Sore Throats Mostly Viral, Not Strep

Health Care, Medicine Comments Off
  • Most throat infections are viral and should not be treated with antibiotics, according to new guidelines from the Infectious Diseases Society of America, reports Medscape in the journal Clinical Infectious Diseases.
  • 70% of Americans with a sore throat receive antibiotics. However, bacteria are responsible for only 20% to 30% of pediatric cases and 5% to 15% of adult cases.
  • Although bacterial and viral throat infections often have overlapping symptoms, other symptoms, such as cough, rhinorrhea, hoarseness, and oral ulcers, strongly suggest a viral infection.
  • A sore throat is more likely to be caused by group A strep if the onset of pain is sudden, swallowing hurts, and a fever is present. Such cases can be evaluated using a stand-alone rapid antigen detection test. Because children younger than 3 years are unlikely to have strep throat, testing is unnecessary, with the exception of certain circumstances such as an infected older sibling.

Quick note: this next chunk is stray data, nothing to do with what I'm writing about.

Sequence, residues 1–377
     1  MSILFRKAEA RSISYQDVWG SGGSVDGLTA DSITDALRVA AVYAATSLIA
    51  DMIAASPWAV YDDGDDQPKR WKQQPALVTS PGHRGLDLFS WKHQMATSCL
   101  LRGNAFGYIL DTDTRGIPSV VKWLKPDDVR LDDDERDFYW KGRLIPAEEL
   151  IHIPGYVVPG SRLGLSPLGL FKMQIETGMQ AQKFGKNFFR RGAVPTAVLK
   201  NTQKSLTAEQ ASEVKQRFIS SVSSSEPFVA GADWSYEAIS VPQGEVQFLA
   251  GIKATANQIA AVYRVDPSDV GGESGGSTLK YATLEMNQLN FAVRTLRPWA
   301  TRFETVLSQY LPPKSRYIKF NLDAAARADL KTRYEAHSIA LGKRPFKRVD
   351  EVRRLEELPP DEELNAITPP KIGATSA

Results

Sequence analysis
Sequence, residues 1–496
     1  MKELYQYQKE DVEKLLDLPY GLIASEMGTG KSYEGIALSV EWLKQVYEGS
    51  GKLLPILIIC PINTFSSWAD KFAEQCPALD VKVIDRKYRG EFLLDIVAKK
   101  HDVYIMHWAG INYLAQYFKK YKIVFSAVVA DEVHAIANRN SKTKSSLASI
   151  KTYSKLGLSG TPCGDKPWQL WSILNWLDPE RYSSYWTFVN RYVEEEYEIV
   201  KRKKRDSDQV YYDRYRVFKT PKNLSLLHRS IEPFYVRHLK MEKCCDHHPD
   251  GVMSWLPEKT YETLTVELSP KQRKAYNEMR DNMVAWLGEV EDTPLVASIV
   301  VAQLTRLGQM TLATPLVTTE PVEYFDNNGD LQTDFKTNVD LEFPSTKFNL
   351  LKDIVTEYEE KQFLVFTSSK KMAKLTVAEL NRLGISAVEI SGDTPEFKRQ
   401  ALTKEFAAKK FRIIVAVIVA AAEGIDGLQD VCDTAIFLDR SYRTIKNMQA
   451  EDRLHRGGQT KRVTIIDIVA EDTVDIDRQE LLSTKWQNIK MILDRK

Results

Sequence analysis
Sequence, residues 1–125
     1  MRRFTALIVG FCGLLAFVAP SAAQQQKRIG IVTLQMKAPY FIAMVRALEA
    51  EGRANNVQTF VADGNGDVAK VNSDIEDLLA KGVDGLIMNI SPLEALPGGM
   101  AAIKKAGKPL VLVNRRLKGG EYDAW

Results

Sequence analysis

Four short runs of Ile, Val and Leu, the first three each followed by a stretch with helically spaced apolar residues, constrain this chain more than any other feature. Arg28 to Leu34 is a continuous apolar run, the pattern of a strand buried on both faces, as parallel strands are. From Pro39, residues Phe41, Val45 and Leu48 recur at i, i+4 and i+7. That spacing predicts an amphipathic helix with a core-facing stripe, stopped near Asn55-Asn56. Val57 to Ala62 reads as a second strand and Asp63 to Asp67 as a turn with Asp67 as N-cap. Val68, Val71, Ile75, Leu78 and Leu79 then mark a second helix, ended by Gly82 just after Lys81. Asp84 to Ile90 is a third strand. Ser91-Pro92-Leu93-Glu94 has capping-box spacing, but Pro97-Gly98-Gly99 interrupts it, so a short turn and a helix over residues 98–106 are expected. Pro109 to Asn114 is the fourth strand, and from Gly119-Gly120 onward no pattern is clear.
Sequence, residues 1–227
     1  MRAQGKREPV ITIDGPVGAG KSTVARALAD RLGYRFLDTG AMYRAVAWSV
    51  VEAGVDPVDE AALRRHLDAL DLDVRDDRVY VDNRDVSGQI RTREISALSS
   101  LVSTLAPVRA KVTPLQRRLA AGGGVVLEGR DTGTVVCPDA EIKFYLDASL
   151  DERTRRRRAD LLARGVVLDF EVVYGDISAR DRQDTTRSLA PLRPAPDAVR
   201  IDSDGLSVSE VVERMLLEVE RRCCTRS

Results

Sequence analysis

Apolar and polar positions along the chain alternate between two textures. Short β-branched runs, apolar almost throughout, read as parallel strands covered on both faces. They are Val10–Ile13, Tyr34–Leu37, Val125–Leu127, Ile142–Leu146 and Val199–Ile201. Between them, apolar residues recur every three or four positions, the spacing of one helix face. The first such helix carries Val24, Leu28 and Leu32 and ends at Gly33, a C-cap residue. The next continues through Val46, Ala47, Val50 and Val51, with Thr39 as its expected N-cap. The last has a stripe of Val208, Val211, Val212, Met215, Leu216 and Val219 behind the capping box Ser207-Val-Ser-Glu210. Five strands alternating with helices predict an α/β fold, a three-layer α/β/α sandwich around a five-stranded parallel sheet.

• Throat cultures should only be used to confirm negative antigen tests in children and adolescents.
  • They should be eschewed in adults because of their low risk for strep throat and even lower risk for complications such as rheumatic fever.
  • Once strep throat is confirmed, the treatment of choice remains a 10-day course of penicillin (or its congener amoxicillin), which has a narrow spectrum of activity, is cheaply available, and carries a low risk for adverse events.
  • Penicillin or amoxicillin is the choice for treating strep because they are very effective and safe in those without penicillin allergy, and there is increasing resistance of strep to the broader-spectrum — and more expensive — macrolides, including azithromycin.
  • The guidelines also recommend against tonsillectomy for children with repeated throat infection, except in very specific cases (e.g., children with obstructive breathing), because the risks of surgery are generally not worth the transient benefit.